It has been proposed by the Government that private sector (as well as public sector) pension schemes should be allowed to use the Consumer Prices Index (CPI) as opposed to the Retail Prices Index (RPI) as the measure of price inflation when applying increases to pensions in payment and when revaluing deferred benefits. The Government has stated that it believes this change will make pension benefits more affordable for employers.
Many commentators have pointed out that CPI is generally likely to be lower than RPI – for September 2010 the annual CPI rate was 3.1%, whereas RPI was 4.6%.
However, what these changes will mean for individual pension schemes will depend on how these proposals are ultimately translated into law. This uncertainty has largely been caused by the fact that different pension scheme rules will have reflected the requirement to apply increases or revaluation in different ways. Indeed, in Reed Smith’s experience, no two pension schemes will have provisions worded in precisely the same way. Pension scheme rules
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There are many other ways in which pension scheme rules might deal with price inflation, but we will use these two examples to highlight the complications.
Why does this cause a problem?
The Government appears originally to have intended to introduce this change simply by switching from using a RPI based figures to a CPI based figure when publishing percentages for pension increases or deferred revaluation under the legislation.
Under Example B, this might have meant, in simplified terms, that the pension scheme would start basing pension increases on CPI rather than RPI.
However, if the Government made the change in that way, the pension scheme in Example A would continue to use RPI. This is because it explicitly states that RPI should be used.
The problem here is that, at present, the pension schemes in Example A and Example B would both use RPI. However, making the change to CPI in the way proposed would mean that only the Example B pension scheme would automatically use CPI. This is despite the fact that there might be no reason why the rules in Example A and Example B were drafted differently, other than the preference of the individual who drafted them.
If the pension scheme in Example A wanted to use CPI, an amendment might need to be made to the rules. However, trying to do this could raise significant issues in relation, for example, to whether such an amendment might impact on a member’s accrued rights.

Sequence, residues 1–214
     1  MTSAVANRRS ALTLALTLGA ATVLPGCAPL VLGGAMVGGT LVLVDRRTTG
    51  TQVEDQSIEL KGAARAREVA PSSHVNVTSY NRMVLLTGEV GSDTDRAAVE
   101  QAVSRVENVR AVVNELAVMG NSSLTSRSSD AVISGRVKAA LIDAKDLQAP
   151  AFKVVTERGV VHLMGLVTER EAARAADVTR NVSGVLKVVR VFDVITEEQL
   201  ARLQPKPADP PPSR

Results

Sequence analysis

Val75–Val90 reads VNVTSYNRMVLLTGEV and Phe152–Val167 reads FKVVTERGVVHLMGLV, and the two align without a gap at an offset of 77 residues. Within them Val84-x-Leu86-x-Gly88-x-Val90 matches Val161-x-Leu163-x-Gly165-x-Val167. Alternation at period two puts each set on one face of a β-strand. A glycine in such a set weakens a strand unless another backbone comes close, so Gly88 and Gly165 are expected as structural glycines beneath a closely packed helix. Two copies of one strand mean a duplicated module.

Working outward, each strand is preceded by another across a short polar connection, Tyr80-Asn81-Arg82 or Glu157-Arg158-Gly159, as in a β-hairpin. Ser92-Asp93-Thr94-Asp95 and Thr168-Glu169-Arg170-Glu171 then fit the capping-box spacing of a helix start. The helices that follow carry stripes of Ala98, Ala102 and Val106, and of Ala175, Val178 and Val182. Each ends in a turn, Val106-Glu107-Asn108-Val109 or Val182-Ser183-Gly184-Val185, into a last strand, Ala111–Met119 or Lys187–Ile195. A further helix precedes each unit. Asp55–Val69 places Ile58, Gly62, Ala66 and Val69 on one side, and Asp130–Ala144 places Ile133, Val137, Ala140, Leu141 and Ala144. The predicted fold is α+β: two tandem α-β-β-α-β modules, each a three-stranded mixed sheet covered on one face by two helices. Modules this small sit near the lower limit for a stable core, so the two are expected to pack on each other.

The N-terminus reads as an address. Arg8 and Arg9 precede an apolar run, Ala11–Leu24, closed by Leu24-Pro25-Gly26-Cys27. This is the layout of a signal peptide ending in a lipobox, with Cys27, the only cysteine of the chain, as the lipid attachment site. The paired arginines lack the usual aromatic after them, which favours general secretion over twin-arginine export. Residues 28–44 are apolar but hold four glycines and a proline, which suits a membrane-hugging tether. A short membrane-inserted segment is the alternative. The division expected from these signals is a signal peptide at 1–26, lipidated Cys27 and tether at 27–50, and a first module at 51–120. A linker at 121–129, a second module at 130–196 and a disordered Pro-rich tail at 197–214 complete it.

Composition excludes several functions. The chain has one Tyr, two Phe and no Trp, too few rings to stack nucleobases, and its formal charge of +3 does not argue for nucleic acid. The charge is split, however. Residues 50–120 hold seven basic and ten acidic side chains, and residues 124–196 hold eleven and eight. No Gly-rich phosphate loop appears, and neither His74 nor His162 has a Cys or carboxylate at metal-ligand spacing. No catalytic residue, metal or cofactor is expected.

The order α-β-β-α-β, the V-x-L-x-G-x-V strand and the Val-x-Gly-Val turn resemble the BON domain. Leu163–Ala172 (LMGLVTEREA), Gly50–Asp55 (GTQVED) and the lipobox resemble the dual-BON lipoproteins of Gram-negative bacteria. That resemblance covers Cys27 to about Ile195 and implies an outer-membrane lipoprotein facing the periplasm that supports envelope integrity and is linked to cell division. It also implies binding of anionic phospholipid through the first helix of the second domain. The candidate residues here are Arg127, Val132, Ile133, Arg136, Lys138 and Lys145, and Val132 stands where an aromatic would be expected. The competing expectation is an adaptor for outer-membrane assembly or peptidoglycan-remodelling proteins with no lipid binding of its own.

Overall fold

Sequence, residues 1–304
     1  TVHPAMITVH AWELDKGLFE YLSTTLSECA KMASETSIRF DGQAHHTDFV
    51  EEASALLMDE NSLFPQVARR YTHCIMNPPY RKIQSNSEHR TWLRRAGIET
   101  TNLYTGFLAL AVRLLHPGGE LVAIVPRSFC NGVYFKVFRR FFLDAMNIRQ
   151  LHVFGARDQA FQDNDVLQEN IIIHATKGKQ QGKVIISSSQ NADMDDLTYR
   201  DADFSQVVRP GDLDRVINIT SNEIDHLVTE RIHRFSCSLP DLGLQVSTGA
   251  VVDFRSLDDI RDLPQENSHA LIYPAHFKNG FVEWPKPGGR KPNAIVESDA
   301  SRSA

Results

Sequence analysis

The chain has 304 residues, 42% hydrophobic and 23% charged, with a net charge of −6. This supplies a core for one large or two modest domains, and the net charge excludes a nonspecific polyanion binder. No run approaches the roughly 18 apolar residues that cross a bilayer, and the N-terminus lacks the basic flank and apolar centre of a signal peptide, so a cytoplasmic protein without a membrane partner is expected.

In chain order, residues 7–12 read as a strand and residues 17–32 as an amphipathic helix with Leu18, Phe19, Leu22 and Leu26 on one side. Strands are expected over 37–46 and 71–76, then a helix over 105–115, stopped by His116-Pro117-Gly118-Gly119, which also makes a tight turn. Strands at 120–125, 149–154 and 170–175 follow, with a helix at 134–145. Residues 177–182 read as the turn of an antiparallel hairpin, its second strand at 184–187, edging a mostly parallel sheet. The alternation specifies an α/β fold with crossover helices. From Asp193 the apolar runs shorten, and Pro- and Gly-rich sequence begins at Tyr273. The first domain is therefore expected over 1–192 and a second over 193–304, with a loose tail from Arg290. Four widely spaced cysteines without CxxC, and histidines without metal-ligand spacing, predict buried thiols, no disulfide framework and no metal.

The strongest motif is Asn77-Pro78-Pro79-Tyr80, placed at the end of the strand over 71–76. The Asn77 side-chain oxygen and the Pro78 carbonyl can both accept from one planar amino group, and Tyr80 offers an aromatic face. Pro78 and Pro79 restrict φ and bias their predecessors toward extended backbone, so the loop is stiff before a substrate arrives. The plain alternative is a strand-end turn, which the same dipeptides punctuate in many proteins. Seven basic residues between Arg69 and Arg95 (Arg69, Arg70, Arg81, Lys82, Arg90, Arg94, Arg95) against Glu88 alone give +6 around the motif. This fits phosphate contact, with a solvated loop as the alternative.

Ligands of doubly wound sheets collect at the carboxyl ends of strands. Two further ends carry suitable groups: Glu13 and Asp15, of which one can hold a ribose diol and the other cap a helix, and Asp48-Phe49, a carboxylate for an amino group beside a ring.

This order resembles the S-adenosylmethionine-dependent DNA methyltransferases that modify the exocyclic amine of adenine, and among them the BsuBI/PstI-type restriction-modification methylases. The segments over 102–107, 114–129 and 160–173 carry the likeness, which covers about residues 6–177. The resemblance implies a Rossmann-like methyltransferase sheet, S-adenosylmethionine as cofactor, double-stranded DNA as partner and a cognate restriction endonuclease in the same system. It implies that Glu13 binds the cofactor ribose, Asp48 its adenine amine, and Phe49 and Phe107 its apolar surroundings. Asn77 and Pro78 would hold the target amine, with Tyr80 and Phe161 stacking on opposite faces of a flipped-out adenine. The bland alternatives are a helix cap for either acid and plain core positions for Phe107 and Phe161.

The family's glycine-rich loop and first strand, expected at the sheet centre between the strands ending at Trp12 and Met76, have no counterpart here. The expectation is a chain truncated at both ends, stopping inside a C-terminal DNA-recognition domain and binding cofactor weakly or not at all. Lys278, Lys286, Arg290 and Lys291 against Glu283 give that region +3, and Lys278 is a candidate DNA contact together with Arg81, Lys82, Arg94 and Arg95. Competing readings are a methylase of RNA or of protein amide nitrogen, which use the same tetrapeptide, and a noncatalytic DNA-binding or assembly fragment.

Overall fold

There is also concern that, in a pension scheme with a provision like Example A, members would continue to receive increases/revaluation based on RPI but, if CPI ever exceeds RPI, then members would receive benefits based on the higher of the two. This would increase pension liabilities rather than, in line with Government’s aim in introducing this change, reduce them.
So what is happening now?
Many commentators have pointed out the unfairness of this approach given it will unintentionally impact upon different pension schemes in different ways. This would also go against the Government’s stated intention of allowing all pension schemes to use CPI.
The latest suggestion is therefore that the Government will introduce new overriding legislation which will apply to all pension schemes, irrespective of how their rules on pension increases and deferred revaluation are drafted. However, any detail on this is yet to be published and there are still many unanswered questions.
What do we do while we wait for clarity?
Given the uncertainty highlighted above, it is not recommended that any action be taken in relation to the potential RPI/CPI change at this stage.
Whilst the Pensions Regulator has said that “trustees should plan to communicate with members on the impact, as soon as possible, once known, even if the impact is likely to be negligible” and that trustees could even consider an interim communication, tPR also acknowledges that ‘until any legislative changes are made, trustees should ensure that they continue to take decisions relative to the current state of the law.”
You may be sending out member communications before the CPI/RPI change is finalised but which mention the basis for pension increases or deferred revaluation. In that case, we would recommend that consideration is given to including a note stating that changes are expected in this area and further details will follow.